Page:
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James Riley Weaver’s Civil War: The Diary of a Union Cavalry Officer and Prisoner of War, 1863–1865

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James Riley Weaver’s Civil War: The Diary of a Union Cavalry Officer and Prisoner of War, 1863–1865

Longitud: 596 página9 horas

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666 days of diary entries documenting the life of a Union officer held in Confederate prisons



Captured on October 11, 1863, James Riley Weaver, a Union cavalry officer, spent nearly seventeen months in Confederate prisons. Remarkably, Weaver kept a diary that documents 666 consecutive days of his experience, including not only his life in a series of prisons throughout the South, but his precaptivity cavalry duties, and his eventual return to civilian life. It is an unparalleled eyewitness account of a crucial part of our history.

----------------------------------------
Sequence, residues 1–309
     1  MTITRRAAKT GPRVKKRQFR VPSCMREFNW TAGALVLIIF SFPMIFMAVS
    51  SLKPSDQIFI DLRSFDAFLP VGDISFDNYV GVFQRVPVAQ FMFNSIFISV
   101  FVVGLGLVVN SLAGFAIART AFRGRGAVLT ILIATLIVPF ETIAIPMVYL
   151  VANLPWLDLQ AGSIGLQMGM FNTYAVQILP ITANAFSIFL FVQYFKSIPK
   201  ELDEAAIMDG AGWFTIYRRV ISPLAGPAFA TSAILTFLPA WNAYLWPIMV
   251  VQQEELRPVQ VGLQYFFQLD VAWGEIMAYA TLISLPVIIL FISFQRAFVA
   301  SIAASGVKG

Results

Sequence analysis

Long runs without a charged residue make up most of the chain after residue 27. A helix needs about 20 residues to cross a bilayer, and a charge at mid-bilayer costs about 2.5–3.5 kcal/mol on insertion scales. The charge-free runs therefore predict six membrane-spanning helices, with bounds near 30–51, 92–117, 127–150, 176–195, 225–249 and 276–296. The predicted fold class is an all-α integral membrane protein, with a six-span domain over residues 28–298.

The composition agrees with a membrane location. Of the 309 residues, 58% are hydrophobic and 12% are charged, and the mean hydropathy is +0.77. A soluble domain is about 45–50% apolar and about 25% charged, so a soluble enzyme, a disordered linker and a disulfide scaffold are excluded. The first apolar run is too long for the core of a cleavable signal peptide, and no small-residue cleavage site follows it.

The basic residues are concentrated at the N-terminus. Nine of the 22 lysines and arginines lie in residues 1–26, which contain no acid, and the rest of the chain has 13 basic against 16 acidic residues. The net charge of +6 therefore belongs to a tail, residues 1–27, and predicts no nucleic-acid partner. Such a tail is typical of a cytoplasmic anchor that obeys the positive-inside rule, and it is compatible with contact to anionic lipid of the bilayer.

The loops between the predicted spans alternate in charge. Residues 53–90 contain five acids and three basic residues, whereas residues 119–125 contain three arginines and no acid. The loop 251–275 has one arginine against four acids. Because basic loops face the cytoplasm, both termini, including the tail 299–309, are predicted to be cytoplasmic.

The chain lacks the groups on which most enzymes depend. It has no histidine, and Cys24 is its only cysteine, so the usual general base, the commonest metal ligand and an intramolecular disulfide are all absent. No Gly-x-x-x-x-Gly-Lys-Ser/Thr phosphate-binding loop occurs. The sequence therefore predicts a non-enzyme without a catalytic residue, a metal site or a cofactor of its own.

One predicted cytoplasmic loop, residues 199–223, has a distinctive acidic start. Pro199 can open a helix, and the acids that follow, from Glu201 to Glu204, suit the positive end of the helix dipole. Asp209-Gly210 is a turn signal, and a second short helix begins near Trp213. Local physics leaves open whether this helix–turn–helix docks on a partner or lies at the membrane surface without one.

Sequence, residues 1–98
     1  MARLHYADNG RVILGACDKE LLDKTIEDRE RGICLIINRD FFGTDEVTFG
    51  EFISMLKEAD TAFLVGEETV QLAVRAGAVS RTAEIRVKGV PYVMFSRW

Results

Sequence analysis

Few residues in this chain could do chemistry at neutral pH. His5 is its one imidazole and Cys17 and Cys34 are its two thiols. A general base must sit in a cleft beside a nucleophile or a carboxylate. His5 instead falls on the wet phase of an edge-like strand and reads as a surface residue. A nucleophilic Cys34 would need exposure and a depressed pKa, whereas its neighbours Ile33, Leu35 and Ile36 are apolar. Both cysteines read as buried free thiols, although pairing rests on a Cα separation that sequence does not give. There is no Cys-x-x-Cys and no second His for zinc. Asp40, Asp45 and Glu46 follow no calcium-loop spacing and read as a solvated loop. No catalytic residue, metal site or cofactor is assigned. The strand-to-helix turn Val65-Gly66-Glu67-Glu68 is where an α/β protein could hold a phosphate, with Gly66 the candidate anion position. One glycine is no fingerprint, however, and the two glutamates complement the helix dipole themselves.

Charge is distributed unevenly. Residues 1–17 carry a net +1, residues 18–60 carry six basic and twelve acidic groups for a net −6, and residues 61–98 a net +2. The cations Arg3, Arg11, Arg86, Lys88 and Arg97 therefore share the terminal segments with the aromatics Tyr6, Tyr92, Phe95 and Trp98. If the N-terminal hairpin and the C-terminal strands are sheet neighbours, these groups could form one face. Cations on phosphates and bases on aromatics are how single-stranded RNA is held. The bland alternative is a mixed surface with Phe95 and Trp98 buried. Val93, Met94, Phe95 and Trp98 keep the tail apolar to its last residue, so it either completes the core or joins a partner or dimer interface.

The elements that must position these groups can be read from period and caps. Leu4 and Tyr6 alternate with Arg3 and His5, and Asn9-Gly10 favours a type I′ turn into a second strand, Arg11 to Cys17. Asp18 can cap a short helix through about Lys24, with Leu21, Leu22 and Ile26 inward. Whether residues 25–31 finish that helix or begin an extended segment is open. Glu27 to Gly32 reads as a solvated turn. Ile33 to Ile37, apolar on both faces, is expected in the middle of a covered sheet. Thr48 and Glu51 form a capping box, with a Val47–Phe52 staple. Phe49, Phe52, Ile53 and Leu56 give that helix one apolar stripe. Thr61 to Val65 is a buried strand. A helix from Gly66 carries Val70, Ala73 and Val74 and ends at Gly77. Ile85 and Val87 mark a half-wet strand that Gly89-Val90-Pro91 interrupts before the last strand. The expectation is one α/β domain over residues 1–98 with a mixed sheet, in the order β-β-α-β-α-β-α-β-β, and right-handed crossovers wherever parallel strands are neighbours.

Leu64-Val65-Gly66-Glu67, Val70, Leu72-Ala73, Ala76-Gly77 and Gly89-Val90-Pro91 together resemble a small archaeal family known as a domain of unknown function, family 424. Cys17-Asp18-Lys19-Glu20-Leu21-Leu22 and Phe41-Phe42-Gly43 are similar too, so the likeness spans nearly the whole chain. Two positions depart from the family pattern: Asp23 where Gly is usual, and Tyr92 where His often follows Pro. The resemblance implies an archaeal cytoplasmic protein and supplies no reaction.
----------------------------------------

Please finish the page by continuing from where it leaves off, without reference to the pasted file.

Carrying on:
Weaver’s observations never veer into romanticized descriptions; instead, he describes the “little world” inside each prison and outdoor camp, describing men drawn from “every class of society, high and low, righ and poor, from every country and clime.” In addition, Weaver records details about life in the Confederacy that he gleans from visitors, guards, new arrivals, recaptured escapees, Southern newspapers, and even glimpses through windows.


As the editors demonstrate, Weaver’s diary-keeping provided an outlet for expressing suppressed emotions, ruminating on a seemingly endless confinement that tested his patriotism, religious faith, and will to survive. In the process, he provides not only historically important information but also keen insights into the human condition under adversity.

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